What an incredibly pompous thing to say. Essentially somebody has a different view to your own, so they need some form of treatment. What might have been more useful would have been to actually explain why the Leader of Derby Council (Phillip Hickson – two minute Google search) might have made those comments. Perhaps he had a desire to provide extra services, or save money, or even invest in other technologies. I think to quote his comments out of context and then to arrive at the conclusion he may need some form of mental medical intervention is somewhat crass and quite bullying.

    On the subject itself, it would have been useful to have some form of evidence base. How do you know the arts world creates thousands of jobs for Manchester? If we invest in such schemes do we get a slice of any eventual sales? If a new Damien Hirst or Tracey Emin emerge and sell their work for massive figures do we keep the profits? If not, what is the difference between them getting the massive profit and a banker receiving a massive bonus? More analysis is required.

  4. Interested Manc Says:

    @Josh Walker. I think the general point here is that if you want to create a vibrant, diverse, edgy and brilliant city (Manchester is all of those things and, last time I visited, Derby wasn't- my opinion only), then you need to invest in the arts and the City's culture.

    I totally agree with Camille; I returned to live in Manchester after a couple of decades moving around the country because it is cultural, artistic and has an attitude that is creative. All of that, in part comes from its relationship with art and culture and the fact that it attracts people who want to live in that environment.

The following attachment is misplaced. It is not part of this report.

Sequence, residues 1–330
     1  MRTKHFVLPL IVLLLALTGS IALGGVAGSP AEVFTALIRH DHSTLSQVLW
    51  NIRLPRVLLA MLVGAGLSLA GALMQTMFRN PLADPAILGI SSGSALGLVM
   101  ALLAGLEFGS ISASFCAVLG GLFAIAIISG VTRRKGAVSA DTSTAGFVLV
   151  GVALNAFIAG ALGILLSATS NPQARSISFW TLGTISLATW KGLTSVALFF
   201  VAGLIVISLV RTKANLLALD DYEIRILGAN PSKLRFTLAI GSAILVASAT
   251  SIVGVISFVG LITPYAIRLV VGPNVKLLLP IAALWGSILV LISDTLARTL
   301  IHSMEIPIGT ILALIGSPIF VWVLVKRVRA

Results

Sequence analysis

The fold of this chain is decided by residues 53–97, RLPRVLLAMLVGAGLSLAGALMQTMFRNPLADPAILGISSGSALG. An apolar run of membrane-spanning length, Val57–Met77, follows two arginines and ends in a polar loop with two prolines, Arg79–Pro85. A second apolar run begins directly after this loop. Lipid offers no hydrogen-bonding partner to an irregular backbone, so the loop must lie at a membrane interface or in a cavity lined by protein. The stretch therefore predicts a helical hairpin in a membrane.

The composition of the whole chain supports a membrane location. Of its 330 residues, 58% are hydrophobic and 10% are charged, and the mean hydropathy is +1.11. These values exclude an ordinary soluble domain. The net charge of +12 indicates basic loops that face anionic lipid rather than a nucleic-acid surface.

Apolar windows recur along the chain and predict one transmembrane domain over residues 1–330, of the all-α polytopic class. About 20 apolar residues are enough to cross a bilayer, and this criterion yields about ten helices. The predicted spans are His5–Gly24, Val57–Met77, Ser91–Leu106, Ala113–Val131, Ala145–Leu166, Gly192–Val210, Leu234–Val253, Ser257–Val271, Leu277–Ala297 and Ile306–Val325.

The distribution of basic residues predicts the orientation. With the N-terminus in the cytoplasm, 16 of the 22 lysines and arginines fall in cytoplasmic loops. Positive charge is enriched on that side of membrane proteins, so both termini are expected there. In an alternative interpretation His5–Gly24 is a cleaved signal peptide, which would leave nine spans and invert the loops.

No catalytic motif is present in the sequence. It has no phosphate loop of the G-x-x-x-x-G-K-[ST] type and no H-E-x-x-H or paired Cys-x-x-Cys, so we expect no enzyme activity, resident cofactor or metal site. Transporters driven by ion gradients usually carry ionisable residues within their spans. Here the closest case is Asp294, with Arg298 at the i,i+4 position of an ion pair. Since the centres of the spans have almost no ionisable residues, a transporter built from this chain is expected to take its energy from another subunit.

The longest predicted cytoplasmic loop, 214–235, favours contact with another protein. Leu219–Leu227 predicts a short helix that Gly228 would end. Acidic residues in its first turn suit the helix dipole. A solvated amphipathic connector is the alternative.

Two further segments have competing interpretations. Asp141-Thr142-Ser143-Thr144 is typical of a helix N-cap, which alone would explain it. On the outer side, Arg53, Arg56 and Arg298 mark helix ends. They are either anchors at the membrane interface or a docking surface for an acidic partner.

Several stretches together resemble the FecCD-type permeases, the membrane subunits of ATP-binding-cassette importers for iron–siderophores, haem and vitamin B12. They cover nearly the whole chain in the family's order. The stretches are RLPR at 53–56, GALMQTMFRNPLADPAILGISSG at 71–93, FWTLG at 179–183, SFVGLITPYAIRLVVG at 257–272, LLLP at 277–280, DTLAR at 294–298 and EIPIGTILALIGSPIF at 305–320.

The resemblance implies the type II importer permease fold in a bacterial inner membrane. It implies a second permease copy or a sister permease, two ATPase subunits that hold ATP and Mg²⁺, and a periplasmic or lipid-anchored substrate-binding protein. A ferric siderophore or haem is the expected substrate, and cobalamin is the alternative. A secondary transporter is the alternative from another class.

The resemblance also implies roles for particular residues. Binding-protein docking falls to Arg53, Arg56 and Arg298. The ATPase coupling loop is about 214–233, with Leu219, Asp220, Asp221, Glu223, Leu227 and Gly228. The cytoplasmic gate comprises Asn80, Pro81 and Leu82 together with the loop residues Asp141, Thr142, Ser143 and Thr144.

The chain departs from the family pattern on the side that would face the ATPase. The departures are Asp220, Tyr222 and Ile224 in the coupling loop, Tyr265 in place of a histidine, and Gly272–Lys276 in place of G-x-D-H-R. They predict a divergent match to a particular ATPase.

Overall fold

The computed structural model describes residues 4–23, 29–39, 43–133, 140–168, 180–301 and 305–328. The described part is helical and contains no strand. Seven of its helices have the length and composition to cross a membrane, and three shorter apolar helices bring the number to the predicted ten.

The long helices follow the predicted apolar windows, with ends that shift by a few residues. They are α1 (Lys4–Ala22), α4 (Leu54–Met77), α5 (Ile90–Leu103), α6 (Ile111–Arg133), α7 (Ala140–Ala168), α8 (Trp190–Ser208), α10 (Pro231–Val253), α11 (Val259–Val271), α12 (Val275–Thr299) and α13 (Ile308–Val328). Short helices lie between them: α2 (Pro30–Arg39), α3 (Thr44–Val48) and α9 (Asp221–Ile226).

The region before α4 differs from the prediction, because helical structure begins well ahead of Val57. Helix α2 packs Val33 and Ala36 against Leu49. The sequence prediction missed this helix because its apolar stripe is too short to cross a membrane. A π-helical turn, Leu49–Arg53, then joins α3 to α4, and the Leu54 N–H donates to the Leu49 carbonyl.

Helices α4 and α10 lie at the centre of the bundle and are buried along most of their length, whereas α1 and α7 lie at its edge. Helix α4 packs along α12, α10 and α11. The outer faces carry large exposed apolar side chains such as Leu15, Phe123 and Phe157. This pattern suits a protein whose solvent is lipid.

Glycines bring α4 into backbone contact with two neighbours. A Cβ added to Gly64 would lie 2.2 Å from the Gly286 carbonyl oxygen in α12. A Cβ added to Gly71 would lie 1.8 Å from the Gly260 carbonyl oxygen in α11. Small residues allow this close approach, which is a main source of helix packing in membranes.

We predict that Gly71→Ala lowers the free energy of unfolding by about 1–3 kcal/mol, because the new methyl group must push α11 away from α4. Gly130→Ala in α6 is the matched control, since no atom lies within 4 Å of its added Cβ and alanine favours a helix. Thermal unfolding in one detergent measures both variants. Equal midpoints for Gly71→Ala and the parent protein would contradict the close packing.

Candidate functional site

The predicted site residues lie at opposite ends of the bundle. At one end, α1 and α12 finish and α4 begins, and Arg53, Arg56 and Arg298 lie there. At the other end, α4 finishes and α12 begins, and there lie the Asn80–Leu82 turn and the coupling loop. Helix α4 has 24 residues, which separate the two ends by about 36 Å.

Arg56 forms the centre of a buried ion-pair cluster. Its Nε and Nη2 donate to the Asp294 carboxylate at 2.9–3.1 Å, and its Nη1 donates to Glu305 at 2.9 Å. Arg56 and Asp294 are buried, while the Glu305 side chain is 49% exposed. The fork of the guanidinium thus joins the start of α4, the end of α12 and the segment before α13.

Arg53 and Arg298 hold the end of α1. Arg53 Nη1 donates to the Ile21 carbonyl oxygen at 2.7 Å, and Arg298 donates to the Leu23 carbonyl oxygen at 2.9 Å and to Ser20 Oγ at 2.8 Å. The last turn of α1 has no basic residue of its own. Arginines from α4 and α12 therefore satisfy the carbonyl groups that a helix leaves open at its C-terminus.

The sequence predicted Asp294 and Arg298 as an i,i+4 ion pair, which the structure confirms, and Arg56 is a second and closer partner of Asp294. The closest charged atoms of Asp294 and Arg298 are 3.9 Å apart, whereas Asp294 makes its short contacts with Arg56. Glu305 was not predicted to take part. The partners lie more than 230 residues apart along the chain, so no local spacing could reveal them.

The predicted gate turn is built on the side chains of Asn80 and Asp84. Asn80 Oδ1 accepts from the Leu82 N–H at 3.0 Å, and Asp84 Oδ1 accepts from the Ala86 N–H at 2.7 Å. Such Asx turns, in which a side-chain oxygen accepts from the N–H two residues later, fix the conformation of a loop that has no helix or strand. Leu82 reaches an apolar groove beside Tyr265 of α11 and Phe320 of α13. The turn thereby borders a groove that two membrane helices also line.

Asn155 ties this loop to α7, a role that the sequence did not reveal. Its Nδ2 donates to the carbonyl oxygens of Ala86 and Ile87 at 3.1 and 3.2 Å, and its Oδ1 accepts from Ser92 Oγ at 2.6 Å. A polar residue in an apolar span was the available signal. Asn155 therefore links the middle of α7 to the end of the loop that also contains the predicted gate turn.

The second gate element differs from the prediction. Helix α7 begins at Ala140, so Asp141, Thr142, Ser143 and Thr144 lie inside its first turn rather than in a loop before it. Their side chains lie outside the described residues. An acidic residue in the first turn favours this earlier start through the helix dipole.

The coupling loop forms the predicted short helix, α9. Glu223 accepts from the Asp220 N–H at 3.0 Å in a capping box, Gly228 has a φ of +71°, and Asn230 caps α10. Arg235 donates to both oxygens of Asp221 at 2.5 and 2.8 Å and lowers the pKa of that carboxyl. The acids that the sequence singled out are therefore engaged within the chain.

People come here because it has stuff that is interesting and exciting, whilst they are here they spend money. They also bring with them the attitude that, in part, defines this City- enquiring, challenging and welcoming. The money generated contributes to the Manchester economy, which despite a vengeful Chancellor's axe is still vibrant. This in turn allows some ability to deal with many of the social problems caused by deprivation, which is the City's other reality.

    This is a blog not an economic treatise. Richard Leese shares his thinking, which given its influence over the way the City is shaped is of value. If you want the economic background that would bore a general reader to tears I suggest you get back onto google. It is out there.

  5. Anonymous Says:

    And what of the cultural importance of our built heritage?
    Other than a few high profile examples, the value of our building stock, particularly the more humble examples seems to be routinely ignored. Yet these structures can say much more about the city than an occasional festival, a painting hanging in a gallery or a totemic Edwardian fire station. They’re so very important to local pride and a sense of identity but all too often it is only 19th century laissez faire that lives on in Manchester.

  6. Dave Bishop Says:

    It's a pity that you and your council don't feel the same about Manchester's natural environment - nice to have but expendable? How about this:

    A healthy natural environment improves quality of lives and makes Manchester a better place, a place where people want to live ?

    In spite of the fine words and sentiments in the new Biodiversity Action Plan I can only gloomily foresee the continued degradation of wildlife, in Manchester, in the years ahead.

 

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The blog of the leader of Manchester City Council, Councillor Richard Leese.